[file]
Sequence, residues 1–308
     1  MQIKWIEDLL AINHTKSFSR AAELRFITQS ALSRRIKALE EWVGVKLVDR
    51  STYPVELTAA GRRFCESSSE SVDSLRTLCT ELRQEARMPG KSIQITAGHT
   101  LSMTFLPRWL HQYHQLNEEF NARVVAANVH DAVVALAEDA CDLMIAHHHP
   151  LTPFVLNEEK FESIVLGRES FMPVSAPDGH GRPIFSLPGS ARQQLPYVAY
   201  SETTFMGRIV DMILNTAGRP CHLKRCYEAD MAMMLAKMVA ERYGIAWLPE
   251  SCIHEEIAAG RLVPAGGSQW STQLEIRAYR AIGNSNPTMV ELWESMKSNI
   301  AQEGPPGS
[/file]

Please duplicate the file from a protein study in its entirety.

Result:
Sequence, residues 1–308
     1  MQIKWIEDLL AINHTKSFSR AAELRFITQS ALSRRIKALE EWVGVKLVDR
    51  STYPVELTAA GRRFCESSSE SVDSLRTLCT ELRQEARMPG KSIQITAGHT
   101  LSMTFLPRWL HQYHQLNEEF NARVVAANVH DAVVALAEDA CDLMIAHHHP
   151  LTPFVLNEEK FESIVLGRES FMPVSAPDGH GRPIFSLPGS ARQQLPYVAY
   201  SETTFMGRIV DMILNTAGRP CHLKRCYEAD MAMMLAKMVA ERYGIAWLPE
   251  SCIHEEIAAG RLVPAGGSQW STQLEIRAYR AIGNSNPTMV ELWESMKSNI
   301  AQEGPPGS